I used to go to a car wash where there were people who did the car wash. All I had to do was give them my keys, and they took it from there. There was no major interaction. I said hello and thank you and went off to the glass tunnel to watch as my car received a pampering wash and dry. My car wash is no more. It is now the future home of a Wawa—yes, another Wawa.
Anyway, my EV hybrid has been on the road a lot—taking family to visit relatives, book signings, babysitting, etc., and I think I heard my Escape say, “Wash me, now.” So, I turned into an automatic car wash to clean the sand and dust off my baby.
As I pulled up to the touch screen kiosk, a bright electronic signed ordered me out of my car to put a plastic bag over my rear wiper blade. The sign was pretty clear: ignore this message and your wiper blade will be destroyed. Yikes!
I am not one to turn down solid advice or urgent messaging, so I grabbed a plastic blade cover and did what was requested as I wanted to be a responsible car wash patron. Once that task was completed, I got back in my car and inched toward the touch screen which offered me wash and dry options. I picked the top and most expensive option—not because I do not care about my pennies but because I did not want the people behind me to think I was a tech idiot and could not work the touch screen. After I finished making my wash/dry selections, I was instructed to pull up to the next window for payment. After getting the approved “thumbs up” from the computer kiosk—I am not sure but I think they ran my credit—I inched forward one more time and a real-live person came out of a “drive thru-looking” booth to push a button on the kiosk to hand me a receipt. Really? This is where the human touch was so important? Honestly, with all the work I did to get to this point, I think that girl should have come out of her booth with a chocolate shake or an ice cream cone, but nothing.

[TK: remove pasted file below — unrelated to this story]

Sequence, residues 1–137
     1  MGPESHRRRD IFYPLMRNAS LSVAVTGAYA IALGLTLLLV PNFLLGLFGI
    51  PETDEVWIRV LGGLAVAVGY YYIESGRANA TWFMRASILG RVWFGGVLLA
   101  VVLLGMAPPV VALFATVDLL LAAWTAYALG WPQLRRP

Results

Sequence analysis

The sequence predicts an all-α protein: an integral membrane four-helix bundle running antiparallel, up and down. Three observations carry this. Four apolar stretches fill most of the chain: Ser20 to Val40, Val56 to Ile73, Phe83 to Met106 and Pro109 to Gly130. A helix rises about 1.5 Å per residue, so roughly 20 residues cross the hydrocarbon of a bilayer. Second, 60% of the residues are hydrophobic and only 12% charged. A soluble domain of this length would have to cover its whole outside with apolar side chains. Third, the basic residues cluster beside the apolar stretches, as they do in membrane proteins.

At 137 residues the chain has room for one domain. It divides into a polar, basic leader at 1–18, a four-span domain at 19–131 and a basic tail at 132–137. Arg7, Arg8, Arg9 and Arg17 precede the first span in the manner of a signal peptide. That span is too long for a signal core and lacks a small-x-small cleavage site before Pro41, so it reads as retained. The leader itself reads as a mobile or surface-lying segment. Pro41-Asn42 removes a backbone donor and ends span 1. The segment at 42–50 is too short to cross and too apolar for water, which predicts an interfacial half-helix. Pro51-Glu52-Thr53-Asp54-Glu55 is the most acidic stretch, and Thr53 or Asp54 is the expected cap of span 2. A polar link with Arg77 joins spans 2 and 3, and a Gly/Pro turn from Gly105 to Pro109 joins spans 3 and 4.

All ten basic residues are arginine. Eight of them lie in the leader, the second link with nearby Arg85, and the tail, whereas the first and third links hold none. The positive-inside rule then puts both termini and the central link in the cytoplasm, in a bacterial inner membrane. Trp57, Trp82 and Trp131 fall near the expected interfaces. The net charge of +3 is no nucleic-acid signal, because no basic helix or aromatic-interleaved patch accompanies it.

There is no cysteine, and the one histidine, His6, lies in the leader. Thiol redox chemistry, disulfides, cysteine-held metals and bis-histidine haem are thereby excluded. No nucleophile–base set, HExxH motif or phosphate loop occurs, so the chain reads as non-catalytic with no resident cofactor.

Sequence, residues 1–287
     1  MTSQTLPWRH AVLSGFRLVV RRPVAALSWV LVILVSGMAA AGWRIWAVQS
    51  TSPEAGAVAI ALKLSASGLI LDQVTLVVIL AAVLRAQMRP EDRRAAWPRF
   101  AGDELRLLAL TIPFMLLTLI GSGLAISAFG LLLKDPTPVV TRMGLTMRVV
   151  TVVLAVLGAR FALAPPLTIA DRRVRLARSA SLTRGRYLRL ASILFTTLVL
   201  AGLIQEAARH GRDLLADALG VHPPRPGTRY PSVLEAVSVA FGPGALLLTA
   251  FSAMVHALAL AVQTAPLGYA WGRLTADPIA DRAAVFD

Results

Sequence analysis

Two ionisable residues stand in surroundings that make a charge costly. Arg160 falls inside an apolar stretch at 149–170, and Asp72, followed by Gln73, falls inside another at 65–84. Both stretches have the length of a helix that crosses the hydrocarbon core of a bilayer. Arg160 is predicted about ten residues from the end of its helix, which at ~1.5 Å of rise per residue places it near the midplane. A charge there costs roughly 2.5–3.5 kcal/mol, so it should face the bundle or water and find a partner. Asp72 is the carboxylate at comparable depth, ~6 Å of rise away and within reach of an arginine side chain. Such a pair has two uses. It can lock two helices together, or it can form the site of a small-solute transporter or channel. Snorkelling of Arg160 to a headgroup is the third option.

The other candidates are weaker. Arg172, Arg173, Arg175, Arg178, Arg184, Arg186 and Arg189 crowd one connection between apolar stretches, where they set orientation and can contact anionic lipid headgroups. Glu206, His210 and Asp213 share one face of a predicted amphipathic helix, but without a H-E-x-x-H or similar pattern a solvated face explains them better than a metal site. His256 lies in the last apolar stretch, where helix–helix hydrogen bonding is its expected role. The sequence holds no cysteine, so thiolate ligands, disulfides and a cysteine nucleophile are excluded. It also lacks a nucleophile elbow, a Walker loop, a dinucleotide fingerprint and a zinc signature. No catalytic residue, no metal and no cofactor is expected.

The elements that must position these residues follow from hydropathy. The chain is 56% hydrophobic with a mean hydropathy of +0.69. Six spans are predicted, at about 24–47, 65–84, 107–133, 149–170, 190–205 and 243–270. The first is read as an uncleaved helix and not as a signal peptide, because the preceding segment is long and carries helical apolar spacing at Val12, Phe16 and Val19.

The car wash actually did a great job until the heated dry cycle when a warning came up on my dash: “Charging point door open. Close now.” Crap! Did the need for a shiny exterior hurt my battery or my charging mechanism? I was in no position to get out of my car; there were high-powered dryers and big octopus-looking sponges all around me, so I let fate take its course. Luckily nothing happened to my battery or charging port. But I did learn three valuable lessons when using—as the oldsters say—a new-fangled computer machine.
- If touch-screen technology intimidates you, bring a preschooler with you as they know how to use the touch screen, and they won’t ask for money to help you out.
- Bring a snack to the car wash because the line will be long as you will not be the only one trying to figure out the touch screen, and the kid in the booth has no food or drink to dole out.
- A hose and a bucket of soapy water works really well in your driveway.
Donna Cavanagh recently published her first children’s book, Ramo to the Rescue about the heroic lifeguards who keep our beaches safe.
4 thoughts on “Going to the Car Wash”
Well, I would patronize a car wash that gave me a chocolate shake.
I would be their best customer!
Your prose here strikes me as especially clean.
Well, I did try to mop away my bad grammar my bad grammar for this one.
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